Disaster Strikes, PR Cleans It Up

Whether it is a hurricane, flood, oil spill, or corporate mess (because we all know there are plenty of those), one of the main jobs of a PR practitioner is to use their skills to assist in managing the crisis. In a recent article in PRSA’s online publication Public Relations Tactics, intern Philip Volmar describes the tactics used by three PR professionals who have had to deal with crisis management on a large scale. Volmar does this to compare the PR response of the recent BP oil spill with the lessons learned from Hurricane Katrina.

Volmar begins by quoting John Deveney, head of the Deveney Communications firm, who dealt with the PR aftermath of Hurricane Katrina. Deveney said, “What we’ve learned from Hurricane Katrina is that we need to have a one-voice strategy.” Deveney also comments on how impressed he is that media outlets, businesses and local governments have successfully proved to have one collective voice on how to handle the disaster at hand.

Volmar continues by quoting regional PR Director of MGM Mirage Mississippi Operations Mary Cracchiolo-Spain who said, “Perception becomes reality for some people. Key challenges are dispelling rumors and responding to negative media coverage.” According to James E. Lukaszewski, president of the Lukeszewski Group, “All crises follow patterns — from robberies to weather disasters — that you can use to forecast and plan for [other] crises.”

So what does all this mean? What should any PR novice take away from what the professionals are saying? Volmar combined the collective experiences of Lukaszewski, Deveney, and Cracchiolo-Spain to outline the following points when managing a crisis of any size:

Communicate with core audience. During Katrina, MGM spent the first 48 hours relinking communications with the public by establishing an 800 number and creating a website dedicated to the crisis. Now for the oil spill, the company rerouted the hurricane hotline to a new oil-spill information center.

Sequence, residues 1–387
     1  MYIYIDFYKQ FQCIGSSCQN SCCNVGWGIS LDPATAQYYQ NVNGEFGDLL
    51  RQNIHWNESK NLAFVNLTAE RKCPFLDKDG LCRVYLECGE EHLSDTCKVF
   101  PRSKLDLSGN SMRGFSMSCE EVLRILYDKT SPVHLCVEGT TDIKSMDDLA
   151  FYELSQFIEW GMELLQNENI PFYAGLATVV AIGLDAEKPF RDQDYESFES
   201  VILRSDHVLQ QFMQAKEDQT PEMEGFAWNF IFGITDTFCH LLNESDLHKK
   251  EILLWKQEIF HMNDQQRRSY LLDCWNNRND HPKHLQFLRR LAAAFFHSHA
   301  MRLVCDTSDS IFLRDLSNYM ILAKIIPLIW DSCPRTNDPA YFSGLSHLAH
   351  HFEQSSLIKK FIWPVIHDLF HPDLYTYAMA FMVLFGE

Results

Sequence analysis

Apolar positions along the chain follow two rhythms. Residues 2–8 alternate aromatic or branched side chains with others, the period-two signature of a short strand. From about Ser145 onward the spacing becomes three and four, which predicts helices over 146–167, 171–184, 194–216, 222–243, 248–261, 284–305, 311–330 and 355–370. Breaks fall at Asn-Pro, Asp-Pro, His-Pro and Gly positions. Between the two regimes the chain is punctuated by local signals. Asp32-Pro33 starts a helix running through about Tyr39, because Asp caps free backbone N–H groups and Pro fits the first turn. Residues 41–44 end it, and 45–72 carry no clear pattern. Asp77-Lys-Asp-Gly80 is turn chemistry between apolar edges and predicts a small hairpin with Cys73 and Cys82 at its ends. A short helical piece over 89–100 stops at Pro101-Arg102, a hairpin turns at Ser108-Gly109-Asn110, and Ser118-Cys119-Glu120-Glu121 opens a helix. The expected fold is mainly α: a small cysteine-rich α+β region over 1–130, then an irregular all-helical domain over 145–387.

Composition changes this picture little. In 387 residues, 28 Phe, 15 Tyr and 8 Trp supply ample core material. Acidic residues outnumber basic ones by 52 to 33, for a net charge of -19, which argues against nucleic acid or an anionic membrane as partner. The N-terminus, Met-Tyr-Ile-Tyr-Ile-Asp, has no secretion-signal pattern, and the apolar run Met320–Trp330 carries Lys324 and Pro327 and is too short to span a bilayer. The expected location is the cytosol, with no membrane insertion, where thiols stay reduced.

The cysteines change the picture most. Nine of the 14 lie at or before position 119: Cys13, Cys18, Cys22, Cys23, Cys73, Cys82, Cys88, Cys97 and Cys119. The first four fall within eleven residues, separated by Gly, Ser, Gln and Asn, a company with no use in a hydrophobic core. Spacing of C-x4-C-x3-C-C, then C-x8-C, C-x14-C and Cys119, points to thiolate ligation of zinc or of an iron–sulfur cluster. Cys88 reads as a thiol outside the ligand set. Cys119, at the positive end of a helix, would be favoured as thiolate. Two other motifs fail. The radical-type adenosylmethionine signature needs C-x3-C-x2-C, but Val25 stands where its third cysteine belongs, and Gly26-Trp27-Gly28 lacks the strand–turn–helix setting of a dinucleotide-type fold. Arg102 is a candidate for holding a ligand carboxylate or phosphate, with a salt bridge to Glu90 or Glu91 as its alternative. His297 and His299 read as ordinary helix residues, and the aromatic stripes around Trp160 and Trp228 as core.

Form strategic partnerships. Deveney said that in Louisiana, coastal parishes are coming together with other stakeholder groups to conduct media monitoring and image audits.

Establish a hub for information. To reduce the amount of media volume on a crisis, develop a one-stop source for simplified facts, background information, story ideas, contacts and news releases. The Mississippi Beyond Katrina website is an award-winning example.

Be sympathetic to employee needs. Don’t forget that a crisis can impact human lives in addition to the bottom line. Communicating with employees will prevent rumors, and trust will flow to your audience.

Define roles. The leader must be empowered to make executive decisions, and the spokesperson must set the tone for the crisis.

Validate victims. One way to manage the victim relationship is simply to apologize — early and quickly. Often, a public apology is all that is needed. “Apologies are the atomic energy of empathy,” Lukaszewski said. “Apologies limit litigation and settle people down.”

To see the original article or to learn more about crisis management, click here.

This guest blog was written by staff member Michele Reilley.

1 thought on “Disaster Strikes, PR Cleans It Up

  1. Great recap Michele! I actually follow PRowl so it was a double-take to see the article linked here. Thanks for reading Tactics.

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